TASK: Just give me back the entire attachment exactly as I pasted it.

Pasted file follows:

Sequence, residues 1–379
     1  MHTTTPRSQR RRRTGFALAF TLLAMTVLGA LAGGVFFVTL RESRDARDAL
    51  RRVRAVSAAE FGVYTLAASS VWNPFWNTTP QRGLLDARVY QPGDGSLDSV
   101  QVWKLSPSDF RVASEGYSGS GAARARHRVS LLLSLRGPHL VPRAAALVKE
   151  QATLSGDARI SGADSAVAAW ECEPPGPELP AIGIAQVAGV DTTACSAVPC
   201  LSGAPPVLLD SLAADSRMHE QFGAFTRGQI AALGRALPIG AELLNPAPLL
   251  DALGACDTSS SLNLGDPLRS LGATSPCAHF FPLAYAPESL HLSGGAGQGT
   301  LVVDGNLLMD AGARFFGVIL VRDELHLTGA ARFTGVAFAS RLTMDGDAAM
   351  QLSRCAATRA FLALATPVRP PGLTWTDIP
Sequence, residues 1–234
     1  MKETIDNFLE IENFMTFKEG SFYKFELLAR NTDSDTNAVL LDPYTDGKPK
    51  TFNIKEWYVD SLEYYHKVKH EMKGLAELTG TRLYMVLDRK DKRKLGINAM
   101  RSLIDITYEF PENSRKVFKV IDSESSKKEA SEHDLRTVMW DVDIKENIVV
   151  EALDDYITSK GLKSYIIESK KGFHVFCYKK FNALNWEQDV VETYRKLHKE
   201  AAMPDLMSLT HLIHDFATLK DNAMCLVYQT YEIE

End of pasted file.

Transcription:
Sequence, residues 1–379
     1  MHTTTPRSQR RRRTGFALAF TLLAMTVLGA LAGGVFFVTL RESRDARDAL
    51  RRVRAVSAAE FGVYTLAASS VWNPFWNTTP QRGLLDARVY QPGDGSLDSV
   101  QVWKLSPSDF RVASEGYSGS GAARARHRVS LLLSLRGPHL VPRAAALVKE
   151  QATLSGDARI SGADSAVAAW ECEPPGPELP AIGIAQVAGV DTTACSAVPC
   201  LSGAPPVLLD SLAADSRMHE QFGAFTRGQI AALGRALPIG AELLNPAPLL
   251  DALGACDTSS SLNLGDPLRS LGATSPCAHF FPLAYAPESL HLSGGAGQGT
   301  LVVDGNLLMD AGARFFGVIL VRDELHLTGA ARFTGVAFAS RLTMDGDAAM
   351  QLSRCAATRA FLALATPVRP PGLTWTDIP
Sequence, residues 1–234
     1  MKETIDNFLE IENFMTFKEG SFYKFELLAR NTDSDTNAVL LDPYTDGKPK
    51  TFNIKEWYVD SLEYYHKVKH EMKGLAELTG TRLYMVLDRK DKRKLGINAM
   101  RSLIDITYEF PENSRKVFKV IDSESSKKEA SEHDLRTVMW DVDIKENIVV
   151  EALDDYITSK GLKSYIIESK KGFHVFCYKK FNALNWEQDV VETYRKLHKE
   201  AAMPDLMSLT HLIHDFATLK DNAMCLVYQT YEIE